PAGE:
The four science instruments on NASA’s James Webb Space Telescope achieved “perfect alignment” ahead of the telescope’s official debut this summer, project officials said in a news teleconference on Monday (May 9).
“I am delighted to report that the telescope alignment was completed with even better performance than we had anticipated,” said Michael McElwain, project scientist for the James Webb Space Telescope at NASA’s Goddard Space Flight Center in Maryland, according to CBSNews.
“Basically we achieve perfect alignment of the telescope. There are no adjustments to the telescope’s optics that will materially improve our science performance.”
To illustrate the telescope’s readiness, NASA shared a teaser image taken by Webb’s Mid-Infrared Instrument, or MIRI. The new image shows a side-by-side comparison of observations of a nearby galaxy taken by Webb, versus observations of the same galaxy taken earlier by NASA’s now-retired Spitzer Space Telescope.
Above: The Large Magellanic Cloud, as seen by Spitzer, on the left, and JWST, on the right.
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While Spitzer’s image shows a blur of seven or more nearby stars located in the Large Magellanic Cloud (a satellite galaxy orbiting the Milky Way), Webb’s image of the same region captures the foreground stars in great detail. , offset by faint clouds of interstellar gas and hundreds of background stars and galaxies, captured in what NASA calls “unprecedented detail.”
With its instruments lined up, the Webb telescope awaits a final calibration of the instrument before it officially begins studying distant stars later this summer, NASA said.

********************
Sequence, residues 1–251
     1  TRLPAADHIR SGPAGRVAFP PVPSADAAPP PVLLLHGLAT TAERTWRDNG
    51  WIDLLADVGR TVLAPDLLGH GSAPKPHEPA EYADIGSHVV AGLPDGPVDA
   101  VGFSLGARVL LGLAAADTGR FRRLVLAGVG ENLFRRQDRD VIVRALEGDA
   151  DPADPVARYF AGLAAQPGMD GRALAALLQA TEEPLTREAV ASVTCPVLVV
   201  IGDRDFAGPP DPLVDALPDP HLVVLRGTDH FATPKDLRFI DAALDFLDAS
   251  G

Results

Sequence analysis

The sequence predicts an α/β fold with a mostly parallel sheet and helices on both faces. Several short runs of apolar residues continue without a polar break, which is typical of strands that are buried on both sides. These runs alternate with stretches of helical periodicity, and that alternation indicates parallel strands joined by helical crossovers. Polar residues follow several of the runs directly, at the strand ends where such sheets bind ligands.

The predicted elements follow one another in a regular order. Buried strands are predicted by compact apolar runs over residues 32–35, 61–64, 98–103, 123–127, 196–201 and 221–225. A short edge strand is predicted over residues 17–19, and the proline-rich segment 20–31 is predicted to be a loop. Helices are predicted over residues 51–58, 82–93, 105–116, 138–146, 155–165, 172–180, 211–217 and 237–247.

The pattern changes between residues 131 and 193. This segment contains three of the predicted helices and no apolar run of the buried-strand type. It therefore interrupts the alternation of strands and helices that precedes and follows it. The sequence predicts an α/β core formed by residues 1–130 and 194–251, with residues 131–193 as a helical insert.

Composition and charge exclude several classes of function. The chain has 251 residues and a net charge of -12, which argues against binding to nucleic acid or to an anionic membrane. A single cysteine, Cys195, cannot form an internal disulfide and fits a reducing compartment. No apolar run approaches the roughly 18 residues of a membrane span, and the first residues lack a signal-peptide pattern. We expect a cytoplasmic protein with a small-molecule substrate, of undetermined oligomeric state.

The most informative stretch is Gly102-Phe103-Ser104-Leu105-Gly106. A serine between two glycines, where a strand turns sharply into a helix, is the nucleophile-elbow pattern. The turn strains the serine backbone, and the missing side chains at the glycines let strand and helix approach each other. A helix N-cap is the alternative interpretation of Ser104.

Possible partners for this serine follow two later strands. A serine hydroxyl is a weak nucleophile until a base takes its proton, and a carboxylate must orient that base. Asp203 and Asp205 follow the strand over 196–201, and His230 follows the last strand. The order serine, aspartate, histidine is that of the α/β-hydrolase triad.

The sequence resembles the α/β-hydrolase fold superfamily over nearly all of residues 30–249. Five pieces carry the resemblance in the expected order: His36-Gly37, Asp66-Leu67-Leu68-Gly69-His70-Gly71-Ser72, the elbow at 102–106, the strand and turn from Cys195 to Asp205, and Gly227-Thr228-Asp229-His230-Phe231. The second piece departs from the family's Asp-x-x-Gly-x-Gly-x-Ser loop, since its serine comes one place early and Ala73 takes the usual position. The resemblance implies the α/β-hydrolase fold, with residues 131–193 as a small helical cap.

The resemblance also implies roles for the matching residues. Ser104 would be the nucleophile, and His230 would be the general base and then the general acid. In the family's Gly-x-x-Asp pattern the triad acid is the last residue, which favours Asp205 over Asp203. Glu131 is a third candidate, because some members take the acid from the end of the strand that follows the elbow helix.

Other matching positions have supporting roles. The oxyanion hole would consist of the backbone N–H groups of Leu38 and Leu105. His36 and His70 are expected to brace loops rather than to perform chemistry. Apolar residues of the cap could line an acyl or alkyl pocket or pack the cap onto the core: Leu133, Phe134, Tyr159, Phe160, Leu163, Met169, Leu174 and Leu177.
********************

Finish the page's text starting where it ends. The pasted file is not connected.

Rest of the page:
In July, the telescope will share its first set of science images, targeting galaxies and objects that “highlight all of Webb’s science topics… from the early Universe, galaxies through time, the life cycle of stars and other worlds. ”, said Klaus Pontoppidan, Webb project scientist at the Space Telescope Science Institute in Baltimore, at the press conference.
NASA launched the $10 billion Webb Telescope on December 25, 2021, sending the telescope on a 930,000-mile (1.5 million-kilometer) journey to its final position in the sky. The telescope is made up of 18 segments of hexagonal mirrors, linked into one large 21-foot-wide (6.4 m) mirror.
The design allowed the telescope’s mirror system to be folded inside a rocket at launch, unlike Webb’s predecessor, the Hubble Space Telescope, which has only one main mirror measuring about 7.8 feet (2. 4 m) wide, Live Science previously reported.
Scientists predict that Webb will be able to image distant objects up to 100 times fainter than the Hubble Space Telescope.
The telescope was designed to observe the faint light from the earliest stars in the Universe, which date to about 13.8 billion years ago, just millions of years after the Big Bang.
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This article was originally published by Live Science. Read the original article here.